Heroin is one of the most addictive and dangerous substances on the planet. There is extensive coverage of the damage that this substance is doing nationwide. However, living through it is a different story. Between 2010 and 2017 there was over a 400% increase in heroin-related overdose deaths, according to the Center for Disease Control.
Statistics like this don’t do heroin justice. Tori Herr died in a Pennsylvania prison due to her withdrawing from heroin on April 5, 2015. While held in jail, Tori couldn’t keep fluids down and was suffering from dehydration. Eventually, she collapsed and went into cardiac arrest. She died a few days later in a local hospital.
The coroner ruled the death accidental and in 2016 her family sued Lebanon county where she died. Recently, news that Tori’s family will be awarded $4.75 million dollars to settle their wrongful death lawsuit against the county.
This heartbreaking story just highlights the immense problems opioids are causing nationwide. The National Institute of Health, NIH, reports that 11.5 million Americans abused prescription pain medicine in 2016. Many people start out on prescription painkillers like Oxycodone. However, these drugs are expensive and the cost can quickly become prohibitive.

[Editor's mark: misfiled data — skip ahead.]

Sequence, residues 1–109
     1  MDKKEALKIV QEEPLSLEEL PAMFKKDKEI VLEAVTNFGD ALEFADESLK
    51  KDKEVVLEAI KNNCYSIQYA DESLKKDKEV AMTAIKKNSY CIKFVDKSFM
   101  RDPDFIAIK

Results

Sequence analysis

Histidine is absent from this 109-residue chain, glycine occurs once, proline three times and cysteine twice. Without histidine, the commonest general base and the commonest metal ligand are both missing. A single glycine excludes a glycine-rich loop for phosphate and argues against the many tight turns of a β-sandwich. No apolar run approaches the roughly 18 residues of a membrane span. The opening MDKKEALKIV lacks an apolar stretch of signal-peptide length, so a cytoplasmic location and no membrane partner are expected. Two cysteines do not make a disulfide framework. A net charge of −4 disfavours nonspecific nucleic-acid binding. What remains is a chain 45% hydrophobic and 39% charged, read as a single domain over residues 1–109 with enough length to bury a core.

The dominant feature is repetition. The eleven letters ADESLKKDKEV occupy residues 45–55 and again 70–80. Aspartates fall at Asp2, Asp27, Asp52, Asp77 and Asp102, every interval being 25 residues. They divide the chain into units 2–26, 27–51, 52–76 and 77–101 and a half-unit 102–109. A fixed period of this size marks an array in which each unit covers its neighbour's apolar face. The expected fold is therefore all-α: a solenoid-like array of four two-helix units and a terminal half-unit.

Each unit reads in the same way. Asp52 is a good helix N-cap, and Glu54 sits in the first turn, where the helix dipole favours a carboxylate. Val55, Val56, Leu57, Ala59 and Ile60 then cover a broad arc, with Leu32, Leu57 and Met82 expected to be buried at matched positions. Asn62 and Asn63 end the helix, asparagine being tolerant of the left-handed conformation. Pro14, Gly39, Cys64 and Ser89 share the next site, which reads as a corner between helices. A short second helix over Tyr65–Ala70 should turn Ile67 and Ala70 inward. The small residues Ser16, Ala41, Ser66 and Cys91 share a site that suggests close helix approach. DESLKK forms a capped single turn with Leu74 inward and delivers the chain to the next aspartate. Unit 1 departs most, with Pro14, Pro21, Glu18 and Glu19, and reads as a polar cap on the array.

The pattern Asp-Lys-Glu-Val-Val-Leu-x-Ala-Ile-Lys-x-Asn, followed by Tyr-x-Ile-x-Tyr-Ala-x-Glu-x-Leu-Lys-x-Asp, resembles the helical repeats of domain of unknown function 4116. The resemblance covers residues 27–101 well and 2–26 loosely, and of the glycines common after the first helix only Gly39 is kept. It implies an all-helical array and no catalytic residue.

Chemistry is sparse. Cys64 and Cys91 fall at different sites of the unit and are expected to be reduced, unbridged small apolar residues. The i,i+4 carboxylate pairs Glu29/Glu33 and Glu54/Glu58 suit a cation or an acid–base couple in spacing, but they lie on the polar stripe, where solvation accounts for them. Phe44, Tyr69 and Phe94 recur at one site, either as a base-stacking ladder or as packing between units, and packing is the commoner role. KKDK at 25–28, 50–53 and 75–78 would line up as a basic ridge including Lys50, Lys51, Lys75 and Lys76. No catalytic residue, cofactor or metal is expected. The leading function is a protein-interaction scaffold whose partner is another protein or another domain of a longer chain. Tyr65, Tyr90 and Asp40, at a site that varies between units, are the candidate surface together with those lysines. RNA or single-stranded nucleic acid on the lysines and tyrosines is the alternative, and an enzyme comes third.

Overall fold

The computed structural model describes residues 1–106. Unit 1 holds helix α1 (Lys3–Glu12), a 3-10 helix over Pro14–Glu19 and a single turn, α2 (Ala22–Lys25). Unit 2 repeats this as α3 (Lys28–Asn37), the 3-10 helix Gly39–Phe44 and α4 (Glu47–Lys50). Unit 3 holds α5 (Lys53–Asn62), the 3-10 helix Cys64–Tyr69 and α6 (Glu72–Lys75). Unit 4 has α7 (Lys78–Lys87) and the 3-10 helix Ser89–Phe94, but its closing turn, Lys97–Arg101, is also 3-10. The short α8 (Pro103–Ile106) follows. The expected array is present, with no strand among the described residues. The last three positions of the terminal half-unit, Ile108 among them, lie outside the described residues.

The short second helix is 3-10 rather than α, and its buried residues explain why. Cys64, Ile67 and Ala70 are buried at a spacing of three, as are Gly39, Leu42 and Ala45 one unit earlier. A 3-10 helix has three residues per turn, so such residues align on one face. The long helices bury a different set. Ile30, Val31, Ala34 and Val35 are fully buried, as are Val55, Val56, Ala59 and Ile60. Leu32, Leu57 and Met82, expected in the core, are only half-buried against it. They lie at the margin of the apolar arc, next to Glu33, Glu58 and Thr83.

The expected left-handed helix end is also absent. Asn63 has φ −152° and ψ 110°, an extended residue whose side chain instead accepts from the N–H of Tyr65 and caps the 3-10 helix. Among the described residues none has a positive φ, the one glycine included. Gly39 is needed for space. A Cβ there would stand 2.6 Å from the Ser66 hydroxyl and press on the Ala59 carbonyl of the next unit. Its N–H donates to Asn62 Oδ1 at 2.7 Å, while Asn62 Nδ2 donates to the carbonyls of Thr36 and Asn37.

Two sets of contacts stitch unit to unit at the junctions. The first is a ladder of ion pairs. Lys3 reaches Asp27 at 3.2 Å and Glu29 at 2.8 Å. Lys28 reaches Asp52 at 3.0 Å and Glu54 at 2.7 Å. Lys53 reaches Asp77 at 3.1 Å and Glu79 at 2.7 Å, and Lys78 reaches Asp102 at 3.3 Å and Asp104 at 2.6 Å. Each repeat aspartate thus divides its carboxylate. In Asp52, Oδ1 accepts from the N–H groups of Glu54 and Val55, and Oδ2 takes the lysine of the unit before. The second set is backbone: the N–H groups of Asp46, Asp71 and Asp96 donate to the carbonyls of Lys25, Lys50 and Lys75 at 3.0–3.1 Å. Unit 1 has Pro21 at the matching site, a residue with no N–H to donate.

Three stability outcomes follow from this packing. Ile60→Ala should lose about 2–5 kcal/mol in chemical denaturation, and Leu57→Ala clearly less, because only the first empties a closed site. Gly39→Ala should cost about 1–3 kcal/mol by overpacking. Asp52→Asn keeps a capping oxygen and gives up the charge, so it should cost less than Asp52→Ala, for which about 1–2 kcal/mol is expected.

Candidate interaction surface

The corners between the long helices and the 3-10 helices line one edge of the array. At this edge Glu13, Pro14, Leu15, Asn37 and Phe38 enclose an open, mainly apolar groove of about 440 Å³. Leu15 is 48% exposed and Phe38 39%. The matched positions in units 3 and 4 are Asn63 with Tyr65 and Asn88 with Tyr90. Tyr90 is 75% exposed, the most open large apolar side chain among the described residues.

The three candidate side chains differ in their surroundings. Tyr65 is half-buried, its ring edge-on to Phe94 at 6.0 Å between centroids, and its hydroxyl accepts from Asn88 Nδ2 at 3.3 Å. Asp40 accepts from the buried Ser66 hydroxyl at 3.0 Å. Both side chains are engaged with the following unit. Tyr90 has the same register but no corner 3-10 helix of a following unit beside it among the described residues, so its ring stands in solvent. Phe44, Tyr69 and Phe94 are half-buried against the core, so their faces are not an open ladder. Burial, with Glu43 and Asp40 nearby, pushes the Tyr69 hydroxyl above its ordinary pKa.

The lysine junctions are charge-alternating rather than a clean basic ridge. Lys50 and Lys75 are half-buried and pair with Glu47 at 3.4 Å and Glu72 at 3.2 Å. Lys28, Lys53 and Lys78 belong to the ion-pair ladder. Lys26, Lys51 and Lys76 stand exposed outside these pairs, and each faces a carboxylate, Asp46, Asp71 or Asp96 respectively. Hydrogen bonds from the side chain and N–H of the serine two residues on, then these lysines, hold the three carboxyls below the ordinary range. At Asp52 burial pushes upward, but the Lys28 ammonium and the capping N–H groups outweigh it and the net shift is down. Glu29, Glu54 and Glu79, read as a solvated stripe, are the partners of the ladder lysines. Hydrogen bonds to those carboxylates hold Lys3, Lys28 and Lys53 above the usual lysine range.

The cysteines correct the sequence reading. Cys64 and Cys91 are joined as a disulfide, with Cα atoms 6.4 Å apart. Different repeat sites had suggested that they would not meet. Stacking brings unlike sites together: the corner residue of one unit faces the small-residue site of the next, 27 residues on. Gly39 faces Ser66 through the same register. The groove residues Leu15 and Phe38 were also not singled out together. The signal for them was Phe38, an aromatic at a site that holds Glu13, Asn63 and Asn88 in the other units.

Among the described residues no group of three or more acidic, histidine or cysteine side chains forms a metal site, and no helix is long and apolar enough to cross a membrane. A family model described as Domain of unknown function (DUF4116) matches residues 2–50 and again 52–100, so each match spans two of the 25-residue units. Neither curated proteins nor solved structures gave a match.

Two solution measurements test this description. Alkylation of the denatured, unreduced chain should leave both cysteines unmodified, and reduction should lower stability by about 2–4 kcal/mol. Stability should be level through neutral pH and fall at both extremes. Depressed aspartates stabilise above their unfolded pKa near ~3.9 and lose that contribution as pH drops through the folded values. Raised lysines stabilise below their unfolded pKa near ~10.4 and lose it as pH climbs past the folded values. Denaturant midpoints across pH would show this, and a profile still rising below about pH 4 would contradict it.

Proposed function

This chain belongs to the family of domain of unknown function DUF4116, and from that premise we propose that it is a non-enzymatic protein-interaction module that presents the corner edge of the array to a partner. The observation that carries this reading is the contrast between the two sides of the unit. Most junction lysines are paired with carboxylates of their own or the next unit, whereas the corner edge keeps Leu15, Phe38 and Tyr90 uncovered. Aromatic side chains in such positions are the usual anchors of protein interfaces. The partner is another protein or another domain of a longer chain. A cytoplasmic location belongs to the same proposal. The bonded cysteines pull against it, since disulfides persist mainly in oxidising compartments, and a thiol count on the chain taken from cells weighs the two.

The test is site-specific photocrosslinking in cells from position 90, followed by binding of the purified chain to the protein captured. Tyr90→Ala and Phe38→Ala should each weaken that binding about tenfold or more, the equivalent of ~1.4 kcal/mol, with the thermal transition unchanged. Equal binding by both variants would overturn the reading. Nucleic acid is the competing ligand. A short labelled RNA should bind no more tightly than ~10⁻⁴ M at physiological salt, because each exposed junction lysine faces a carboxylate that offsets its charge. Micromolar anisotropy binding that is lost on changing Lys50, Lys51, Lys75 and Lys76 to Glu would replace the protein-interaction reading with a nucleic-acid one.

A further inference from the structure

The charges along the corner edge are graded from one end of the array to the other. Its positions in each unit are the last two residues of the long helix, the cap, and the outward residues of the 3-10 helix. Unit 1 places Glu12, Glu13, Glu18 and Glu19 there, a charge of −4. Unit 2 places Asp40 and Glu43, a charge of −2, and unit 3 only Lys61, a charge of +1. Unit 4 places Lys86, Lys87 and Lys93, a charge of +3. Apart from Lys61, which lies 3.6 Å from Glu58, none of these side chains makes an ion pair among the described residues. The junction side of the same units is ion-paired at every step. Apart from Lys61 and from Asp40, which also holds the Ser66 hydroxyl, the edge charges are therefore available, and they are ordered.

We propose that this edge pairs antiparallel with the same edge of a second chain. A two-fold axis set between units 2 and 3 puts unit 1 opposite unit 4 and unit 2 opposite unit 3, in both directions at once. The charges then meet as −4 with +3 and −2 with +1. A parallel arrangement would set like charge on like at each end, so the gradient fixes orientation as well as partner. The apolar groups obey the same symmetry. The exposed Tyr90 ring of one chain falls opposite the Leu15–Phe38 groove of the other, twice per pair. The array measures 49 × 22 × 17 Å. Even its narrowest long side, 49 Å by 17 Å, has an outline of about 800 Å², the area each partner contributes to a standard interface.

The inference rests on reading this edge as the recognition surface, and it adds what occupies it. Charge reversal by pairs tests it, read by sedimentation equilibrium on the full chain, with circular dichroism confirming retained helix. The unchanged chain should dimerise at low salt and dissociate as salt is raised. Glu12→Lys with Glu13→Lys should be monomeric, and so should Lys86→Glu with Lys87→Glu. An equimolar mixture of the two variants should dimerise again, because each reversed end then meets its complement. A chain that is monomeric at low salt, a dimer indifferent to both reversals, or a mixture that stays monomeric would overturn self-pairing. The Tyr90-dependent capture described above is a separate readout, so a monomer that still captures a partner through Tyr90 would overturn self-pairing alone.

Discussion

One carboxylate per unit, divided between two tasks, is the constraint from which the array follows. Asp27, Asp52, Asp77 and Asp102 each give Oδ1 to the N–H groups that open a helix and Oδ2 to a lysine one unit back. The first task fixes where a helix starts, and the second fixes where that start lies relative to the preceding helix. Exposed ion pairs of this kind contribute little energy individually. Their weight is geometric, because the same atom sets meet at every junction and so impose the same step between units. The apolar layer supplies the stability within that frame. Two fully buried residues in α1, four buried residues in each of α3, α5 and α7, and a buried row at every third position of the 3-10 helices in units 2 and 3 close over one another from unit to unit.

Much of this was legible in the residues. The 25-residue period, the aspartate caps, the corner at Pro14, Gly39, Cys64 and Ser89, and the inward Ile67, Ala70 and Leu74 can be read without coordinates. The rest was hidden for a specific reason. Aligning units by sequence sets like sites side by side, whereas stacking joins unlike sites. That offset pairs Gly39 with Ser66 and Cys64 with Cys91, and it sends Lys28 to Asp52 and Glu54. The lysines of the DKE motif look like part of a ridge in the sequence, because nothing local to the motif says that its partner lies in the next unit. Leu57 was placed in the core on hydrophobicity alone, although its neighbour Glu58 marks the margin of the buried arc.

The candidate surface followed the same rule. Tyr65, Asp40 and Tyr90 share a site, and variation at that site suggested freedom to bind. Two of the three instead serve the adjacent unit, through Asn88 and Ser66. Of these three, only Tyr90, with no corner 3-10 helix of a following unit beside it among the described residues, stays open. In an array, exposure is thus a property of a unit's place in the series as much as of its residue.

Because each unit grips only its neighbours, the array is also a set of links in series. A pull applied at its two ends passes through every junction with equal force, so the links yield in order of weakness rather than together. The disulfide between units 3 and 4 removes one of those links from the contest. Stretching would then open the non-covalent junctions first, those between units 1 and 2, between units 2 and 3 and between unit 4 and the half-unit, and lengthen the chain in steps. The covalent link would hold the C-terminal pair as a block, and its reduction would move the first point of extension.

People often turn to heroin for financial reasons. The potency of heroin is hard to match, and when a person runs out, it’s heroin they need more of. The prescription opioids cease to have much effect after the switch, causing people to go to great lengths to get more heroin.
The nature of illicit drug addiction involves periods where obtaining the drug seems impossible. During these times, people often start to experience the beginnings of withdrawal. The pain is enough that many are terrified of running out after their first experience with the withdrawal symptoms.
Disease of Addiction
In decades past, the common belief about addicted individuals was that the person lacked in moral character. People mistakenly thought that people who kept using a substance wanted to continue and had complete control over their using.
Today, we know better. Substance Use Disorder, SUD, is a mental illness that can be mild to severe. Mild substance abuse means that the person has two or three symptoms of SUD. Severe SUD is diagnosed when someone has six or more symptoms.
Symptoms can vary between people; however, some are common to most. Compulsive using, plotting to get more and continuing to use despite negative consequences are just a few.
People with a substance abuse disorder may want to stop using but simply can’t will themselves to follow through. This aspect of addiction is one of the most perplexing to outsiders, who don’t understand that the person is no longer in control of his or her actions.
Few people start out using heroin and no one dreams of becoming a heroin addict when they’re young. According to the CDC, people who are addicted to heroin were also addicted to at least one other drug and, most often, people were addicted to three other drugs.